It’s coming up on three years since we adopted Jasper, our terrier terror from the NYACC, and we couldn’t feel more blessed to have him in our lives. It wasn’t always the case but, as so often happens, Jasper taught us a lot about behavior, structure, training, patience and love. So, for Adopt A Shelter Pet Day, we wanted to share Jasper’s story that contains some of our most successful tips to help other pet parents with reactive dogs they’ve adopted. So many dogs are returned to shelters for behavior problems. Training a reactive dog is different than other dogs. We want you to keep the dogs you’ve adopted, and have happy lives together. And, of course, we want to encourage others to adopt, don’t shop!

For those who have followed Jasper’s early story on the blog, you know that he started life in a home where he obviously wasn’t loved and appreciated. As a puppy, we think he was never socialized, was probably taunted by the two young children in the household and was either hit or scared silly by newspapers, coin cans or other loud objects. I mean it said on his paperwork, “Not good with strangers; not good with children. Only likes owner’s wife.” You can see the flat look in his eyes in the picture just below, shortly after we brought him home.

Shortly after we brought Jasper home


Very quickly after arriving at our apartment, he presented with extremely reactive behavior – lunging, shriek barking and trying to bite pretty much every man, woman, child and dog we passed on the street. Living in New York City, you can imagine you’re passing one of the above every second of each walk!

Jasper also couldn’t tolerate anyone in the elevator he didn’t know. Taking him out for a walk was a big production. Zip him up in the dog bag; stand to the side of the service elevator so, when it opened,  he couldn’t see anything out of the bag “window”, darting inside, looking both ways as the door opened downstairs, darting out of the service entrance, placing the carrier on the ground against the building wall, huddling over him as we quickly unzipped the bag, looking both ways for passersby, then quickly lifting him out and setting off on our walk practically at a run. To say the least, it was very stressful and exhausting for the both of us!

I remember having Jasper in the lobby of our building back then, meeting with an industry colleague and friend. We were measuring him for a sweater my friend was making for him and a dog and its owner came walking in. Jasper was so insanely reactive, he didn’t know what he was doing when he took a chunk out of my arm. My friend and her husband looked on in horror. Thank goodness he’s 20 lbs and not 60.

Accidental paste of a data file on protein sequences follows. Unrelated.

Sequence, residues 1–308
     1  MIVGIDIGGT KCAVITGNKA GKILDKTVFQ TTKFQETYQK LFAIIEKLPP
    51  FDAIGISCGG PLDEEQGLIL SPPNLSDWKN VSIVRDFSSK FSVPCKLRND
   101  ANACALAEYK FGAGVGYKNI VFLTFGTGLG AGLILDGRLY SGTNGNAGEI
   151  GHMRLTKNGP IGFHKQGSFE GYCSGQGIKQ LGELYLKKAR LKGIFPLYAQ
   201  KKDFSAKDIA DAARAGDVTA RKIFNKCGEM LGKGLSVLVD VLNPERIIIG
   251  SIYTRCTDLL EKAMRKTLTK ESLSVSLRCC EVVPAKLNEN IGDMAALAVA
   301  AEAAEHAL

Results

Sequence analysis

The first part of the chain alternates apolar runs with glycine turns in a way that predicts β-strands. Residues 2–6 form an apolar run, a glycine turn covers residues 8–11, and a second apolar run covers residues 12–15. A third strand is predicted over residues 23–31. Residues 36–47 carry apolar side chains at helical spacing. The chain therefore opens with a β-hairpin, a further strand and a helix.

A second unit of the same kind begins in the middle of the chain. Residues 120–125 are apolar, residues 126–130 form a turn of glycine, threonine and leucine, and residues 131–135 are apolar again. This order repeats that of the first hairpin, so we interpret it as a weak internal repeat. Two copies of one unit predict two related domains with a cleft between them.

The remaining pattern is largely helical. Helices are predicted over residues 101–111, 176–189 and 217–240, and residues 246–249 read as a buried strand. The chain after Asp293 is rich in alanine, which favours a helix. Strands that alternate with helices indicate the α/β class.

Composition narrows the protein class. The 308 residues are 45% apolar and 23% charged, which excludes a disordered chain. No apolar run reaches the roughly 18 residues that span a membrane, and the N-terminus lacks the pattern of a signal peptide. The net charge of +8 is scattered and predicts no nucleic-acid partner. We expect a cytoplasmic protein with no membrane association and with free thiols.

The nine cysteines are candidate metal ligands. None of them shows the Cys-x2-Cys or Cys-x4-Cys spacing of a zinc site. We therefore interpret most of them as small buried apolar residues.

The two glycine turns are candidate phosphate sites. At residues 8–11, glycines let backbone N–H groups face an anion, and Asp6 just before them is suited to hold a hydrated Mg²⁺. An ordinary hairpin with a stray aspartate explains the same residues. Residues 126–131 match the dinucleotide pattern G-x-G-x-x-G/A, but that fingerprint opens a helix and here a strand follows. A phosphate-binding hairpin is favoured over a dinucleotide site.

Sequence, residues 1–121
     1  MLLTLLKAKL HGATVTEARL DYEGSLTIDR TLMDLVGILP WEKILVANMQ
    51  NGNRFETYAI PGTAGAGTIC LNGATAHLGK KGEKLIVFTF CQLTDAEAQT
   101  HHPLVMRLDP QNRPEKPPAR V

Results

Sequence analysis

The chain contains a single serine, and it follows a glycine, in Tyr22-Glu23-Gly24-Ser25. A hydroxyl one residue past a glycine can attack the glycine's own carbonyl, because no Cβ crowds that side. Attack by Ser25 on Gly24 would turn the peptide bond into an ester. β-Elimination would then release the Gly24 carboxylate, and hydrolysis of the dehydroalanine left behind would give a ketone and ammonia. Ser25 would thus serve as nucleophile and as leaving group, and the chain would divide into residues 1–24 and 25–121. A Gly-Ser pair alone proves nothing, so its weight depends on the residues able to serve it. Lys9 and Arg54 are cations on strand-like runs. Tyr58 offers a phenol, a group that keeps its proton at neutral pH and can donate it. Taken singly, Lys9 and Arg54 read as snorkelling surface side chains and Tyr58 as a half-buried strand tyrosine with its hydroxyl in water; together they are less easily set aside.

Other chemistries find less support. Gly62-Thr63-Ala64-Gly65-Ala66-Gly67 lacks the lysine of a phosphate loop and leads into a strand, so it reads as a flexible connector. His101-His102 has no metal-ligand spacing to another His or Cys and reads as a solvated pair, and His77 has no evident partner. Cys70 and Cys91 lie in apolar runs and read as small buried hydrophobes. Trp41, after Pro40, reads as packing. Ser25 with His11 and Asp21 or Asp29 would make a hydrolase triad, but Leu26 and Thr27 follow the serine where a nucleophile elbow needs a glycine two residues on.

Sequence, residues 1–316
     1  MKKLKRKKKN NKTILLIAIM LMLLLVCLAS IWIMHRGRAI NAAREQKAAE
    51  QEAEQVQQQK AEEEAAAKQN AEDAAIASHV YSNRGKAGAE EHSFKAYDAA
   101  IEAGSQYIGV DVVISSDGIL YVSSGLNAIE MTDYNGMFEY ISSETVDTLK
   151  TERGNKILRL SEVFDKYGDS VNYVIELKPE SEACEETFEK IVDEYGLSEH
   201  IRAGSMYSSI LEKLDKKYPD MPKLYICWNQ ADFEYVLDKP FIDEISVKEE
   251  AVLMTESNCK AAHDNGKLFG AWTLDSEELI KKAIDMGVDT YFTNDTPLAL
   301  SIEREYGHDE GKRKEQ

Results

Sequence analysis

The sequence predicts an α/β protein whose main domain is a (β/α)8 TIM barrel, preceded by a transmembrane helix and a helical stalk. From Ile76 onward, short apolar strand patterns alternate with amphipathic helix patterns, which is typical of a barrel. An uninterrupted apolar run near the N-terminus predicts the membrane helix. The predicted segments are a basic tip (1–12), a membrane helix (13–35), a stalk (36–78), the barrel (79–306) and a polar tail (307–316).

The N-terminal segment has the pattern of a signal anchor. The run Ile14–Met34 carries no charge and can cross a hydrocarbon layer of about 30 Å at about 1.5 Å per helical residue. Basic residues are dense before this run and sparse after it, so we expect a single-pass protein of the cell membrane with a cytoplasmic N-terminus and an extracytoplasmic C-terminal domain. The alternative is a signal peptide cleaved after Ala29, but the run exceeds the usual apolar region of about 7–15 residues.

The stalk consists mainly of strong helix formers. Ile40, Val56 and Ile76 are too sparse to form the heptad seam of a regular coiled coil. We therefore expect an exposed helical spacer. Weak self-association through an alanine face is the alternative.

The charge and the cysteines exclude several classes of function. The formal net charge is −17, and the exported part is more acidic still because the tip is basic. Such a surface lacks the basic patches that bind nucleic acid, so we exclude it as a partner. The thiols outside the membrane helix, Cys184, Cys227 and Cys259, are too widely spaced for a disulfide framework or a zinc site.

My husband and I regularly had days where we thought we couldn’t go on and wanted to give Jasper up. We already had Sophie, who we could take anywhere and did, until Jas came along. When her brother had one of his moments, she would nonchalantly stand by and watch, maybe wondering what all the fuss was about.  Luckily for us and Jas, Stanley and I never had those days simultaneously. So, when one was at their wit’s end, the other talked them off the ledge. It took a solid year and a village of people, services and tools to get Jasper into a more secure emotional place. And, we learned a ton along the way.

Jasper kissing mom


One of the things that kept us going was that we saw who Jasper really was; this loving little boy, frightened of the world but so ready to drown us in kisses at every opportunity. I know some of you reading this can relate to that.


So What Helped Us with Jasper the Most?

Training a reactive dog isn't like other dogs. Jasper in his PetSafe Gentle Leader, a great tool.

That village I mentioned above? It came with equipment. The proper equipment is everything and we had it all wrong. How did I know? Celebrity dog trainer and star of Dogs in the City, Justin Silver, told me. During a Skype session from across the country, he watched video of a reactive episode on a walk and said, “You are using the wrong equipment.” Boom. “Get him on a Gentle Leader,” he told me. Wha? What did I know?

Turns out PetSafe makes the Gentle Leader harness. It’s the model that goes around the dog’s nose and behind his ears. It allows you to steer from the cockpit, as Justin likes to say. And, he’s right. Immediately, I felt so much more in control.

Training a reactive dog isn't like other dogs. Jasper in his PetSafe Gentle Leader, a great tool.

Does it hurt the dog? People have stopped me in the street to ask that, to ask what it is. Some think it’s a muzzle. It isn’t. When worn properly, The Gentle Leader is not tight around the dog’s nose. It is loose enough to get your finger through, but fitted enough to steer him or her securely. And, it immediately made a big difference.

That was over two years ago and I swear by the Gentle Leader ever since. For two years, I have been reaching out to PetSafe, telling them how much I love the product. What happened over the past year or so was they also got very stylish (yay!). Now, the Gentle Leader works for Bark & Swagger, and I can rave about a product I love that also comes in very cute colors and new patterns.